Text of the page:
Pullman - "White Castle"

Builder:Pullman Company
Original Owner:Pullman Company
Type:Heavyweight Sleeping Car
Capacity:Sleeping accommodations for 27 adults

Our Pullman heavyweight sleeping car – named “White Castle” – boasts an impressive resume. Read on for more information on the many jobs this car has held over the years.

The Pullman Company manufactured and operated railroad sleeping cars during the first half of the 20th Century. Pullman developed a unique business arrangement with the railroads; Pullman built, owned, and operated the sleeping car service attached to overnight trains. In the process, the Pullman name became synonymous with comfort on the rails. Pullman typically employed African American men as porters. After unionizing in 1925, The Brotherhood of Sleeping Car Porters became a powerful political organization which made significant contributions to the American Civil Rights Movement.

This car was originally named “Auckland” and included a drawing room, men’s and women’s washrooms, and twelve open sections, each section comprising an upper and lower sleeping berth. During the day, porters would convert the lower berth to passenger seating while the upper berth was tilted up and into the wall to provide more space. After an extensive renovation in 1936 which removed the drawing room and added two double bedrooms, the car was renamed “White Castle” and assigned to first-class sleeping car service on the Pittsburgh and Lake Erie Railroad.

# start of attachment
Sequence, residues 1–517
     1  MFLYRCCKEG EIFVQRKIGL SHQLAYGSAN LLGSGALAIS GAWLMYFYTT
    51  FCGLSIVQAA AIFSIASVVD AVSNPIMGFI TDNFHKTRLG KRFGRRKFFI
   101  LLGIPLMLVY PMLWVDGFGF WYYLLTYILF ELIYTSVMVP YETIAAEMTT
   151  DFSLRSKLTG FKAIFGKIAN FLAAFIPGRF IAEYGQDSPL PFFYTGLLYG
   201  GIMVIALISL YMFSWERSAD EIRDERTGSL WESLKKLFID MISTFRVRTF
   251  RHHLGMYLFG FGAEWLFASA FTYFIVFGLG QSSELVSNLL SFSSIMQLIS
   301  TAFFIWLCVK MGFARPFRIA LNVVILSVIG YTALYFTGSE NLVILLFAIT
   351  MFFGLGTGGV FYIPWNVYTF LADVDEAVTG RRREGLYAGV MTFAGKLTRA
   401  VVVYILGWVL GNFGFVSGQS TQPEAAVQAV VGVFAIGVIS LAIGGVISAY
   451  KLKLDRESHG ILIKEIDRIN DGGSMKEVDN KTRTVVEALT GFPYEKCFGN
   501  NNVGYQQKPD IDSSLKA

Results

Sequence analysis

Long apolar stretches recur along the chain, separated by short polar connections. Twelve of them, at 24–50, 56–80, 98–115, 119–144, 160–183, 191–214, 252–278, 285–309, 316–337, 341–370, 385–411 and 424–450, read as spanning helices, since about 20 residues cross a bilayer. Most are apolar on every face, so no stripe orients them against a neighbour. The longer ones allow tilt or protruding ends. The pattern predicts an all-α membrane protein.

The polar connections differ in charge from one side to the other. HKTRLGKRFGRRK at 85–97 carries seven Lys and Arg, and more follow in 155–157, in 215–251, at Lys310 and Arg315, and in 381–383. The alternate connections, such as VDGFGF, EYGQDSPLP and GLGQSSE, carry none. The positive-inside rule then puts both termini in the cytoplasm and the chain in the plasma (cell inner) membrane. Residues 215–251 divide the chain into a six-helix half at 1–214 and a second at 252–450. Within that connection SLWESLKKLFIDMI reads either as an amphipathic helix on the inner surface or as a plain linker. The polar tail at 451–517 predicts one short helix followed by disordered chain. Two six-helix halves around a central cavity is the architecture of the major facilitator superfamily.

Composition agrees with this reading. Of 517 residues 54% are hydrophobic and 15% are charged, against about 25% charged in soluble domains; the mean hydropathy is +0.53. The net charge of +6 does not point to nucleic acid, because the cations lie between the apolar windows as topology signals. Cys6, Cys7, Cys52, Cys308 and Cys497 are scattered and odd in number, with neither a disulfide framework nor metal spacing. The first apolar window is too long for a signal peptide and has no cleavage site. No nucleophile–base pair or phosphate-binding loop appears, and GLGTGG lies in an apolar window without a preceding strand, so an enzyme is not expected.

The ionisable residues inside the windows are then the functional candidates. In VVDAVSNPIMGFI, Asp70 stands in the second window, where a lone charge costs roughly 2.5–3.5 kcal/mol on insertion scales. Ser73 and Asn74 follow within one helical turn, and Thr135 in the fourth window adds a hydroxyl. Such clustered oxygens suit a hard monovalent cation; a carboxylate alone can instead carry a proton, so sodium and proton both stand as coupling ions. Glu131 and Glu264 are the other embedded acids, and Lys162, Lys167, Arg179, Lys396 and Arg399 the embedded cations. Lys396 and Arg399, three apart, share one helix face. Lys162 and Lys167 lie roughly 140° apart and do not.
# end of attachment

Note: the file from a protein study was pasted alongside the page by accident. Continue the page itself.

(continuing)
Pullman eventually came under increased scrutiny by the US Government for monopolizing the sleeping car industry, and in 1944 was forced to divest its operations arm. As a result, the Pullman cars – including the White Castle – were sold off to the railroads on which they operated. This car continued in sleeper service with the P&LE until 1958, when it was transferred to wrecking train duty. Again the car was heavily modified, with six of the sleeping sections, both double bedrooms and one of the washrooms removed. In this empty space, a large kitchen dining area was installed to feed the wreck train crew. With six open sections remaining the car could still sleep twelve crew members.

When the declining P&LE sold off large amounts of equipment in the early 1990’s, Jerry Jacobson bought the entire McKee’s Rocks wreck train for his Ohio Central railroad. Spotted outside the Morgan Run Locomotive Shop, the White Castle provided accommodations for volunteers working to rebuild and operate Jerry’s growing fleet of steam locomotives. After being transferred to the Age of Steam Roundhouse, the car was repurposed yet again as the field office at the Roundhouse construction site.

Over the Winter of 2018-2019, the White Castle was cleaned up and repainted in a proper coat of Pullman green. New windows were installed, including recreations of the etched “P&LE” glass windows at the ends of the car.